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2/9/03 - BROADCASTS TO KOREA INCREASED - 2003-02-10


In North Korea, as President George W. Bush said in his January 28th State of the Union address, “an oppressive regime rules a people living in fear and starvation.” In addition to denying the North Korean people their basic rights, North Korea’s Communist rulers have been working to develop nuclear weapons that could threaten neighboring countries and the peace of the world.

In the face of these tensions, it is essential that the North Korean people be able to hear the facts about their own country and the world. That is what the Voice of America and Radio Free Asia seek to do with their Korean-language broadcasts. And to do it better, both V-O-A and R-F-A have increased their broadcasting hours in Korean.

R-F-A has increased its Korean broadcasts to four hours daily and V-O-A to three hours daily. Both transmit on various short-wave frequencies to help listeners avoid jamming by the North Korean government. And because only a small number of North Koreans have short-wave receivers, V-O-A also broadcasts on medium-wave.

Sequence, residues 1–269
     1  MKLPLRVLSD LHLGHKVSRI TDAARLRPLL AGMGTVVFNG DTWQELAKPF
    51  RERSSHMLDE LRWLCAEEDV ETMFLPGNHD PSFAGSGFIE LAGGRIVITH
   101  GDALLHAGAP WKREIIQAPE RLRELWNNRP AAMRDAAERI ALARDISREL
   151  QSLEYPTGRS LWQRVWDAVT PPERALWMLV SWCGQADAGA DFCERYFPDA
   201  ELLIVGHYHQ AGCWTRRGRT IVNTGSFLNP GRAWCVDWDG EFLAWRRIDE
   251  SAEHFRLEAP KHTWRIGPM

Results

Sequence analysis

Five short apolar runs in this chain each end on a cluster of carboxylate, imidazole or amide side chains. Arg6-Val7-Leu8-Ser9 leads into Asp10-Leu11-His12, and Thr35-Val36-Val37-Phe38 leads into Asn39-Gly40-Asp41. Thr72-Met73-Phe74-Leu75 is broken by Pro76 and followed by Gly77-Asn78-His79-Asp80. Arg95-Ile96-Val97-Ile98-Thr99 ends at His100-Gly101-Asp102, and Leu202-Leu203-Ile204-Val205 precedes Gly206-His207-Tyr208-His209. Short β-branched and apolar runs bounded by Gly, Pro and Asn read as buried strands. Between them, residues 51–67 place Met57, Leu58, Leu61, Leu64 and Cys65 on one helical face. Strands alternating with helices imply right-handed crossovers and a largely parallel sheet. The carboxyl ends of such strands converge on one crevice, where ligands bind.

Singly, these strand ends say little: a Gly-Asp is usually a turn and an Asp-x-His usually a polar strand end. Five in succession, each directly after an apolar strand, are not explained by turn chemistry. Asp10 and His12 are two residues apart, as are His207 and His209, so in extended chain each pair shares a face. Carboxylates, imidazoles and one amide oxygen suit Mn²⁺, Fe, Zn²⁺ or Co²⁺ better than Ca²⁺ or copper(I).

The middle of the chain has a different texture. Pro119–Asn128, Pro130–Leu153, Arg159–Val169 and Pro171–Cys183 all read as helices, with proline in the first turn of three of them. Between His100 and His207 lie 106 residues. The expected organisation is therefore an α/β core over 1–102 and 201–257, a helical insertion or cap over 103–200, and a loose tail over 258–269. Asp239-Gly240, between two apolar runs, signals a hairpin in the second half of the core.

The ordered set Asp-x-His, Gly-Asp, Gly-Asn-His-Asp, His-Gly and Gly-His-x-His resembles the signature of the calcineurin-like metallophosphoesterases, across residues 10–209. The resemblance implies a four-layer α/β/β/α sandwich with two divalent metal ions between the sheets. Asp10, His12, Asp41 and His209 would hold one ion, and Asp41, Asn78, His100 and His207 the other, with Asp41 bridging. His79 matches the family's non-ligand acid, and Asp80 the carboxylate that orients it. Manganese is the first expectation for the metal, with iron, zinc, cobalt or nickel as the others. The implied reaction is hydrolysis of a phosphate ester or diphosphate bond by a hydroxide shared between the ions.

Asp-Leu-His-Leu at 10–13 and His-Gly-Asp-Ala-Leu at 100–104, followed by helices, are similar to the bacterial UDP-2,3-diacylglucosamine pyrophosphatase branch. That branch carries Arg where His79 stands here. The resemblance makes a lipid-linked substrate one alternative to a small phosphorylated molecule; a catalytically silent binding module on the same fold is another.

V-O-A first went on the air in February 1942 and began broadcasting in Korean in August of that same year. As its charter makes clear, V-O-A is required to “serve as a consistently reliable and authoritative source of news,” “present a balanced and comprehensive projection of significant American thought and institutions,” and “present the policies of the United States clearly and effectively.” R-F-A was established in 1994, and its Korean broadcasts began in 1997. R-F-A’s special mission is to broadcast news and information to Asian listeners who lack regular access to full and balanced reporting on their domestic media. This is crucial in North Korea, where domestic radio, television, newspapers, and magazines are totally controlled by the Communist government.

For decades, as President Bush said at V-O-A’s sixtieth anniversary celebration last year, U.S. international broadcasters have “told the world the truth” and shown “freedom’s strength and determination.” With increased broadcasts to the oppressed people of North Korea, V-O-A and R-F-A continue to fulfill what President Bush called “a special trust.”

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